Tax Tips for 2023

Good to Know

If you saw twenty-two $100 bills lying on the sidewalk and could not determine who the money belonged to, would you scoop it up? If your answer to that question is yes, we have good news. That much or more in federal income tax savings for 2023 could be possible. Clients may reduce their federal taxable income by $11,000 or more through:

  • New tax brackets,
  • Higher standard deductions,
  • Higher 401(k) deferral limits, and
  • Higher IRA and Flexible Spending Arrangement contribution limits.

In the discussion that follows and for the sake of consistency, we’ll illustrate these concepts assuming a married-filing-jointly couple in the 22% marginal federal income tax rate bracket. However, state taxes on income may also apply. Forty states levy a tax on income—ten of those states assess a maximum tax of from 8% to over 13%; the remaining states have lower rates. As you consider the concepts in this article, be aware that savings on state tax may also accrue.

Our focus in this article is on opportunities to reduce the federal income tax and when we use the term “income tax” we are referring to the federal income tax.

We’ll begin with new tax brackets.

New Tax Brackets

More taxable income will be taxed at lower tax rates in 2023. Why? Because the 2023 inflation adjustments increased the amount of income taxed in lower brackets—resulting in less taxable income taxed at higher brackets. For example, assume a married filing jointly couple with $150,000 in taxable income; this couple gets a “free” $619 in reduced federal income tax in 2023 vs. 2022.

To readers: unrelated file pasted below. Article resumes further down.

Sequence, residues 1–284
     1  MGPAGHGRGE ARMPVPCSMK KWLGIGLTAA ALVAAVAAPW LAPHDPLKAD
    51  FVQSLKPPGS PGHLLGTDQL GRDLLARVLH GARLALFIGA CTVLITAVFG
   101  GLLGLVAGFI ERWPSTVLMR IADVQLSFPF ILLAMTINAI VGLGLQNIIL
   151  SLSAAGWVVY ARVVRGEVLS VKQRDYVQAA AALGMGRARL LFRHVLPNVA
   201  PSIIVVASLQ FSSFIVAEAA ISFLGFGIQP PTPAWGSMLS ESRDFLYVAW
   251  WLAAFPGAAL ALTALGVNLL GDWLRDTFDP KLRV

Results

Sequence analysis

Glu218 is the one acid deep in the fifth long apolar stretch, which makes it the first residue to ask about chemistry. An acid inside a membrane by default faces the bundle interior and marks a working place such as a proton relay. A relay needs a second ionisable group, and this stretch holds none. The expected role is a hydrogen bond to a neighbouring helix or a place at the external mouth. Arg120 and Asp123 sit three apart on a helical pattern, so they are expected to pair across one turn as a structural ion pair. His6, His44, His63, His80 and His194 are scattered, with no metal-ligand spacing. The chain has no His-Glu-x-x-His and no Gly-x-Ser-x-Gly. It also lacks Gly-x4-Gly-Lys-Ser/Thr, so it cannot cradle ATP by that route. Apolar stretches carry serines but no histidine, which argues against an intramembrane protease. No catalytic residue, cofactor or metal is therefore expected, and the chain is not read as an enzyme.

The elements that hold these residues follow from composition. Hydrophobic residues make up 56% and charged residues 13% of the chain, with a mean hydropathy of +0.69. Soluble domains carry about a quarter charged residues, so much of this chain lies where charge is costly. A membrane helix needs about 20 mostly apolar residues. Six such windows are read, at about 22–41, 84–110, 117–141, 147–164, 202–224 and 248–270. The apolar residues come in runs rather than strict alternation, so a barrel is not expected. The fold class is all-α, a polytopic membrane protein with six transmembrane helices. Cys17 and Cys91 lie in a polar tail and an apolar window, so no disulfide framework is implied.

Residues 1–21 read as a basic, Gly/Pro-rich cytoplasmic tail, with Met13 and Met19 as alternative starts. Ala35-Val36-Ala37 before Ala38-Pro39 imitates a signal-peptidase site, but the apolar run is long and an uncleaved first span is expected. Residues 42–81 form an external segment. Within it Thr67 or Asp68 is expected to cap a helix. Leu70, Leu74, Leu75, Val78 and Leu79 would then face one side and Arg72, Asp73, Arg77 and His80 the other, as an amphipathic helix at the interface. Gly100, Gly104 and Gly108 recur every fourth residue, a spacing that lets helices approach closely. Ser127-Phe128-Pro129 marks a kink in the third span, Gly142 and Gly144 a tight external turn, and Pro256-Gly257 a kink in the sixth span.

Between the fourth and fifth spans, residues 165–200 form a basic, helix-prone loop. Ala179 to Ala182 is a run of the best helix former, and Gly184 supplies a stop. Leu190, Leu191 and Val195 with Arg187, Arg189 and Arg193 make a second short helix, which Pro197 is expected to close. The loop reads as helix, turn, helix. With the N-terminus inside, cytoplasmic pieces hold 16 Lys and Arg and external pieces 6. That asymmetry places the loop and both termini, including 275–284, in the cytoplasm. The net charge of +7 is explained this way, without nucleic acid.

• This couple would have paid $24,234 in federal income tax for 2022.
  • Their income tax bill drops to $23,615 on that same amount of taxable income using 2023 inflation-adjusted rate brackets.

Higher Standard Deductions

Standard deductions increased significantly in 2023. For example, the standard deduction for a married-filing-jointly couple increased by $1,800. That increase translates into almost $400 in income tax savings for couples in the 22% marginal income tax rate bracket.

Higher 401(k) Deferral Limits

Your client aged 50 or more can defer $3,000 more in 2023. A married couple in which both spouses defer into a 401(k) plan could reduce their married-filing-jointly federal taxable income by an impressive $6,000—translating into a $1,320 federal income tax savings in the 22% rate bracket.

Your clients should check with their plan administrator to be sure they’re deferring the maximum possible. For clients who place a high priority on retirement savings, it may be worthwhile to review discretionary expenses if current cash flow would not support the increased deferrals.

IRA and FSA Increases

The $500 increase for contributions to an individual’s IRA and the $200 increase to an individual’s Flexible Savings Arrangement could reduce a married-filing-jointly couple’s taxable income by $1,400, resulting in over $300 in federal income tax savings—22% marginal income tax rate assumed.


The great news about these tax-saving opportunities is that they are either automatic or require minimal action on your client’s part. The new tax rate brackets and standard deduction amount are automatic. Increasing 401(k) deferrals, IRA contributions, and FSA contributions will require minimal action by your clients. Why not scoop up the money “lying on the sidewalk?”


The information presented herein is provided purely for educational purposes and to raise awareness of these issues; it is not meant to provide and should not be used to provide legal, identity theft protection, investment, income tax, risk management, retirement, estate, or financial planning advice of any kind. An experienced and credentialed expert should be consulted before making decisions relating to the topics covered herein. There are variations, alternatives, and exceptions to this material that could not be covered within the scope of this blog.